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Equity exchange is important. However if they don't meet your standards, go somewhere else.

No one is saying you're an amateur or anything. Just don't work for a company if they don't meet your price or offer you something that is of equal value.

That's all.

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Paburrows
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Problem is since they are top tier and a lot of fans would do anything just to draw Wolverine or Spiderman it gives Marvel the reins of power. They are not used to someone who doesn't have stars in their eyes and won't bend over just to draw their favorate characters. Thats the problem with the big companies like Marvel, Cartoon Network, etc. they hold most of the cards.

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SNAKEBITE
IE # 101
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Well the situation certainly didn't freeze me in my tracks. I'm still working for other people. I paused, though, to point out the whackness. Its not just Marvel though, its the industry as a whole. its behind when it comes to pay. Even the Illustrators Guild pricing guide has rates that are almost 20 years old. The whole industries standards are way skewed. I know why, I'm no dummy, I just have to point it out and reveal the culprits...and its usually fellow "pros" that say I'm the one with the problem.

When comic book people started bleeding into animation they brought that sensibility with them. They brought down industry rates in animation and they contributed to the mentality that most executives have when they hire you.

young kids need to realize that sooner or later they are gonna need more pay too so they can grow up. if only the big picture was considered by all.

I was especially impressed, not, buy all of my peers saying I was the one with the problem. they are really progressive thinkers I must say...and now I hear some of them complain about their insurance going way up and they can't afford it...I wonder if they see the irony.

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Greg B
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Now I can agree more with you Bite. It's not that the comic book people fouled up animation, it's the comic book industry associations that fouled things up. The crooks in animation met the crooks in comics and the twain met and the crap spread.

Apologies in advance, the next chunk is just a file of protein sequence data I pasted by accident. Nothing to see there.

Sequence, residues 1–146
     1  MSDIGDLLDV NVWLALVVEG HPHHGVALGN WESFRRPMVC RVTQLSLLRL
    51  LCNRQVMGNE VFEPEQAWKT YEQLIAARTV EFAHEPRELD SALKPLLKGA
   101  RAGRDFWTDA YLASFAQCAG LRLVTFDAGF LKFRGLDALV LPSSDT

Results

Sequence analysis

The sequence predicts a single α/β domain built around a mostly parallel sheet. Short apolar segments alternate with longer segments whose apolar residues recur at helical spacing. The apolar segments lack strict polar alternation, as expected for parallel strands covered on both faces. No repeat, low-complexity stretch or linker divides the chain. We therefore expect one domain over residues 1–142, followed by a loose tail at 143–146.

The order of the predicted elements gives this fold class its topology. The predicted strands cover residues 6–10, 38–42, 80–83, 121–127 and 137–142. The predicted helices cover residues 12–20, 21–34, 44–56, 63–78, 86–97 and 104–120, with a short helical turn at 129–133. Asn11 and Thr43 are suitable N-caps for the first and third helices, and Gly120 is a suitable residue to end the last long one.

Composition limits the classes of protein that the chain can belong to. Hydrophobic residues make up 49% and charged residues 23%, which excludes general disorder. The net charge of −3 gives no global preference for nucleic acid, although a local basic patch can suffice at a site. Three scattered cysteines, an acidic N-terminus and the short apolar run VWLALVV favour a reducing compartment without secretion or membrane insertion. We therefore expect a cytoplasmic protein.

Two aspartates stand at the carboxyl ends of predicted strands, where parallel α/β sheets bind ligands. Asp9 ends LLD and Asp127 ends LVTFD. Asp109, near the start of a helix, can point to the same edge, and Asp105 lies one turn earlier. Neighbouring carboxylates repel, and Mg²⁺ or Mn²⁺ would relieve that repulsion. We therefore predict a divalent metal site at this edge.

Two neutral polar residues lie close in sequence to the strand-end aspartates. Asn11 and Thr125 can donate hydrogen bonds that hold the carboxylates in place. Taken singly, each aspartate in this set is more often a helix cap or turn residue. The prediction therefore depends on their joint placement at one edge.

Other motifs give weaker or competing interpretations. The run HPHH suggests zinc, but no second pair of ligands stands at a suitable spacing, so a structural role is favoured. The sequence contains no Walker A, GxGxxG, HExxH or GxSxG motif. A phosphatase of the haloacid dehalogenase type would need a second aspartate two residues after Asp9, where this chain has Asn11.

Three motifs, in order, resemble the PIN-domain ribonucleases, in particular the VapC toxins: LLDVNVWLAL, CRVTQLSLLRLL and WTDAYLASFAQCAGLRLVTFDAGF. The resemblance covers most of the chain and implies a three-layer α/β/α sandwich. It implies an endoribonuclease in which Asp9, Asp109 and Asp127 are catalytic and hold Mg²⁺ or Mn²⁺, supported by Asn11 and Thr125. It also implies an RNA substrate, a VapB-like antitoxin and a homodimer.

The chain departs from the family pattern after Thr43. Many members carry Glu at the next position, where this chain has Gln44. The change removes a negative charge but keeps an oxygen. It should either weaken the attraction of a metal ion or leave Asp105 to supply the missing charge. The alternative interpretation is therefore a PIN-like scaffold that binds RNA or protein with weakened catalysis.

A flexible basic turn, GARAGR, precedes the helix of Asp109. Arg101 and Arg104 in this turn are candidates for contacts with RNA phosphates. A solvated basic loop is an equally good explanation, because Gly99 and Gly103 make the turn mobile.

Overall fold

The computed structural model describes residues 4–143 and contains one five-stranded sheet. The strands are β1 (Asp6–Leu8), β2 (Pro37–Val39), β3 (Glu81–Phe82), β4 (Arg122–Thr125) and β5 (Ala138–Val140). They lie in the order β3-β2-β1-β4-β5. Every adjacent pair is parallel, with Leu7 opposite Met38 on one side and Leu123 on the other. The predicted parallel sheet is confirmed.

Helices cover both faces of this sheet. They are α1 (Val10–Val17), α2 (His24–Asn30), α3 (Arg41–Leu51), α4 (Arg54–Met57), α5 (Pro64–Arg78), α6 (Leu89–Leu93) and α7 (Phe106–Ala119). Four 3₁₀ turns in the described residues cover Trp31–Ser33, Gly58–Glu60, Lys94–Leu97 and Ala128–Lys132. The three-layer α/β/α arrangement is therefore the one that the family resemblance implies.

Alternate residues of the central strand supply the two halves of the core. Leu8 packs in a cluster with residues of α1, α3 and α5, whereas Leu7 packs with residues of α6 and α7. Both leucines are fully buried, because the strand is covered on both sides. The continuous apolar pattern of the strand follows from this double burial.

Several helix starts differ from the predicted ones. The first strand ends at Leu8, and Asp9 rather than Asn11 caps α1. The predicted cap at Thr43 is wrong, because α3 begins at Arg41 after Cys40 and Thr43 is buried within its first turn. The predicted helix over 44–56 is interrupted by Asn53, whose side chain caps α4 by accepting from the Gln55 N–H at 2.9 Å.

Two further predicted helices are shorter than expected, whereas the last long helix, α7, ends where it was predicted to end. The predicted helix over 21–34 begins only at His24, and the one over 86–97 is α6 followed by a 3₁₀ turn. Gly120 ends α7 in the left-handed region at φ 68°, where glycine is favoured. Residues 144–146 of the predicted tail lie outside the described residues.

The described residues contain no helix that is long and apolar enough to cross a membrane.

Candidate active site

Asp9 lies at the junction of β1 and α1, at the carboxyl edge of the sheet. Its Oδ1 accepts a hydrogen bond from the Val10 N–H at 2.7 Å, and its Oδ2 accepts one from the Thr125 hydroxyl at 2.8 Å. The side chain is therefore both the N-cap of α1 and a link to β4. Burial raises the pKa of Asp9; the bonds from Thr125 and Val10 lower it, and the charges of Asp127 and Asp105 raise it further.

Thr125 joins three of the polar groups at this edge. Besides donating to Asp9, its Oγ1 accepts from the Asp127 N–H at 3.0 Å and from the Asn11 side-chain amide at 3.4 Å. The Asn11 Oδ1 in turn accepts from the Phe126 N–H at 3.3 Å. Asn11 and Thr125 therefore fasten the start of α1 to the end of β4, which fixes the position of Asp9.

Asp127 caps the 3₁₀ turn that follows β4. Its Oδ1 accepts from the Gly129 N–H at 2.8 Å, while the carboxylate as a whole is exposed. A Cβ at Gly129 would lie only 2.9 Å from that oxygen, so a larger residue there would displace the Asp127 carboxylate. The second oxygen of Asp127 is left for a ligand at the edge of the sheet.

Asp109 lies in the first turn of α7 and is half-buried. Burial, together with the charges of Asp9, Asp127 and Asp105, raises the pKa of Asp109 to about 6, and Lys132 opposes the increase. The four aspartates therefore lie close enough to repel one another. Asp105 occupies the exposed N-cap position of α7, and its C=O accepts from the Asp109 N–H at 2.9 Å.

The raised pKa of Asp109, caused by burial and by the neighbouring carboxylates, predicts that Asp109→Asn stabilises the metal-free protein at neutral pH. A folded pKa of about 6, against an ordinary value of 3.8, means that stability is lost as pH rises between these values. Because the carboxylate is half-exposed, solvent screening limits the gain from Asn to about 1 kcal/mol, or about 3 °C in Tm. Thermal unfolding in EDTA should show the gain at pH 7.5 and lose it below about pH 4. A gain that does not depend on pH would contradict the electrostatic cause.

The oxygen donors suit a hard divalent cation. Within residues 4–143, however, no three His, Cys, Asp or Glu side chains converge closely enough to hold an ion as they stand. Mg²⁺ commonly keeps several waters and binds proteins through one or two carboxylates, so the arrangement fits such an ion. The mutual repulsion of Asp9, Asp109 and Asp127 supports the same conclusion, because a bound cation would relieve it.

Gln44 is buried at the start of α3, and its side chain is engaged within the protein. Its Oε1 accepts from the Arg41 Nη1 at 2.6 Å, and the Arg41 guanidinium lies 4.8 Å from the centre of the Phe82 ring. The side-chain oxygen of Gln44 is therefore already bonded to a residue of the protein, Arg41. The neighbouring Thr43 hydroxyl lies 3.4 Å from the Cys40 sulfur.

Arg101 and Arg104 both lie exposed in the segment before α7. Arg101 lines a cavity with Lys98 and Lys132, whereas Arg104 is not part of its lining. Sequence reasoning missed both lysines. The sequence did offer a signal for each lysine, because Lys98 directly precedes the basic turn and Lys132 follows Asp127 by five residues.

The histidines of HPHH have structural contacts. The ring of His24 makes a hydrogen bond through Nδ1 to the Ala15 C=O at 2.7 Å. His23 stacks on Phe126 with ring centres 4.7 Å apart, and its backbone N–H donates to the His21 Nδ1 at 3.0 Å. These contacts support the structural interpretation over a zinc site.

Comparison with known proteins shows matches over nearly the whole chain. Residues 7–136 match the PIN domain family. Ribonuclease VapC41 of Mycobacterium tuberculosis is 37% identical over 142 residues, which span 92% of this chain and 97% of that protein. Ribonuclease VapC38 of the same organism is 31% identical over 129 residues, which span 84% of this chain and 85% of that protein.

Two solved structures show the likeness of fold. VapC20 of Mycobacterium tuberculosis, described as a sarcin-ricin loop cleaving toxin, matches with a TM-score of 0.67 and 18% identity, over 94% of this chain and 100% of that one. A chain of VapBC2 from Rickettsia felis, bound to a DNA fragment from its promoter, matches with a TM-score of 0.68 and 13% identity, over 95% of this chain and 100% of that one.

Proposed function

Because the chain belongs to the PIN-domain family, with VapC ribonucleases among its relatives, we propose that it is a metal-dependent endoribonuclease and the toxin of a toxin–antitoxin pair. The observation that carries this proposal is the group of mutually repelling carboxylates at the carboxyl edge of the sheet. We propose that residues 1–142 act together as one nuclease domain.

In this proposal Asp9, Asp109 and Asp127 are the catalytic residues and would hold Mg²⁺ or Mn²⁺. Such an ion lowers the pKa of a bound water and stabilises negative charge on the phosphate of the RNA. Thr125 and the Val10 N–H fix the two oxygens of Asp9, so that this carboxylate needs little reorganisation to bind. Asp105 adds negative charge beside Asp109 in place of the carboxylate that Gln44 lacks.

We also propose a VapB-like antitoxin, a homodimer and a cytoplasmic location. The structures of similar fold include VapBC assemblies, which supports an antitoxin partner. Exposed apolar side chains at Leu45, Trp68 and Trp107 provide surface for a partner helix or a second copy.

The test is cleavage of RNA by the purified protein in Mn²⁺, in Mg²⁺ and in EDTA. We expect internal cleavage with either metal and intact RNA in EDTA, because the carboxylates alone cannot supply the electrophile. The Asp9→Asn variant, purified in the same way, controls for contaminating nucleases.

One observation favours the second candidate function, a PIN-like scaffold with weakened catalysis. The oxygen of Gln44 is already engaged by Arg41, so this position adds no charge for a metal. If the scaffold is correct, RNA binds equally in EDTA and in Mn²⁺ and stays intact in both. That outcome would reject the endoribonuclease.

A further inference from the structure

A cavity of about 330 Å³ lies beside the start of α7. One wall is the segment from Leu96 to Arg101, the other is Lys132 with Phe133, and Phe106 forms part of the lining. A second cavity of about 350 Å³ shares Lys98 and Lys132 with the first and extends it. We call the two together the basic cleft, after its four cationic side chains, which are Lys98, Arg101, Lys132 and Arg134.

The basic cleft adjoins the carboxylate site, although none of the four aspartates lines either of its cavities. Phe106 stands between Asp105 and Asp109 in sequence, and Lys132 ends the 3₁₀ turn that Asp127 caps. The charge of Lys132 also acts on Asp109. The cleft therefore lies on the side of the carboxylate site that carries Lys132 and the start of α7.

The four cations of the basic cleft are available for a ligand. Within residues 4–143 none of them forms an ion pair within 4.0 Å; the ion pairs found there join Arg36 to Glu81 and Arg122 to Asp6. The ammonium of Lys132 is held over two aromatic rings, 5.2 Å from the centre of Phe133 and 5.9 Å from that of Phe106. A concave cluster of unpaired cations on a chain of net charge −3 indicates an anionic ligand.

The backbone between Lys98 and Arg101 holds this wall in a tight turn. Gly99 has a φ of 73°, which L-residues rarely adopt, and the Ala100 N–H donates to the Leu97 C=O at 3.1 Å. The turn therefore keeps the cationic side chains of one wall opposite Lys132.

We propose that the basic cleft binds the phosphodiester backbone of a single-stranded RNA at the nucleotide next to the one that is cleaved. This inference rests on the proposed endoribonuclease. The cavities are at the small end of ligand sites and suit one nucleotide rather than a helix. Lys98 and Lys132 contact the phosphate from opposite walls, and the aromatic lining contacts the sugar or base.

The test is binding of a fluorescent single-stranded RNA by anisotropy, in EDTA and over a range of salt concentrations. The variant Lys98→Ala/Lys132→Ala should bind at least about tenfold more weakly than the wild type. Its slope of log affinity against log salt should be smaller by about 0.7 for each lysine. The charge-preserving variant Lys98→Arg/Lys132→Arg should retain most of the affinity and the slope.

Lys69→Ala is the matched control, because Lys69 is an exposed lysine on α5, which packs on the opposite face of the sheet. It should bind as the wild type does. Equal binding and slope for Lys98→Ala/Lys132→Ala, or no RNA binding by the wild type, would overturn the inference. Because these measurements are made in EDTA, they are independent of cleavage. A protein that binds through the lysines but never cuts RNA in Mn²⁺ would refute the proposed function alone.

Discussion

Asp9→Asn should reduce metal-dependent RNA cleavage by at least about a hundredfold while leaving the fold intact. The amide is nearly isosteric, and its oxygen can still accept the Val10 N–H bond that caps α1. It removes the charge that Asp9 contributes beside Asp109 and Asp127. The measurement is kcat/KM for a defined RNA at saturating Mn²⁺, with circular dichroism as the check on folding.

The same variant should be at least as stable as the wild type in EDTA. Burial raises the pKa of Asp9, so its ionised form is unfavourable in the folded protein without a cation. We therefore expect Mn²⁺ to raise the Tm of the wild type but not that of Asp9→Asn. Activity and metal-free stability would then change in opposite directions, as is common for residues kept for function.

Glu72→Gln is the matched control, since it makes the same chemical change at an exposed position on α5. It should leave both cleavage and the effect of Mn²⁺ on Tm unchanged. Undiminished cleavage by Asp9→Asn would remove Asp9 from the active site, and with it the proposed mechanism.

Meanwhile the good guys in animation and the good guys in comics didn't meet. They were too busy living off the fat of their heads to see the forest from the trees. It wasn't like we didn't try to warn people back in the 80's and 90's, we didn't have forums like AN then. The cops and courts didn't give a rat's ass because their investment portfolios were fat.

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SNAKEBITE
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Well then, everyone played a part it seems. But as much as I want to victimize the artists from the fat cats, my point is the artist do it to themselves most the time.

they turn on their own and wonder why they can't afford insurance. I'm not trying to play the martyr, fuk that, cuz I know I'm not the first to
give a finger to "the way it is". I know better men and women before me and after me will address this issue.

but point is, we have to except responsibility. fully. all of us. do your part. ya know. I'm not preachin, just talkin. this is how I feel and do my best to act on...and in doing so I really see where the responsibility lies.

carry your own weight. fully. in every aspect. that also means seeing how your actions affect the whole....the toughest part.

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Charles
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How many times over the years have we addressed the issue of artsts being their own worst enemies. Enemies to each other.

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E. Allen
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I've sadly realized that it's no small surprise, but y'know, it's like Bite said, we must march on and do what we can to reverse this pathetic cycle.
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Skynet
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For me, since I can remember, humans have been their own worst enemy. Since humans have been on this planet they have been their own worst enemy in every possible way. I don't think we need to question that obvious fact. On a fundamental level, I think this is what needs to somehow change if we are going to last, but what are the chances of that happening? It's laughable when you look out at the current situation of the world. Why else do we have idioms like "it's dog-eat-dog..." and I think the music industry is where dog-eat-dog supposedly came from, but it's always been dog-eat-dog almost everywhere you go. I guess it's human nature.

All you can do is live up to your standards as much as possible and hope it makes some kind of difference.

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skynet[at]animationnation.com
http://www.alivenotdead.com/slipperysky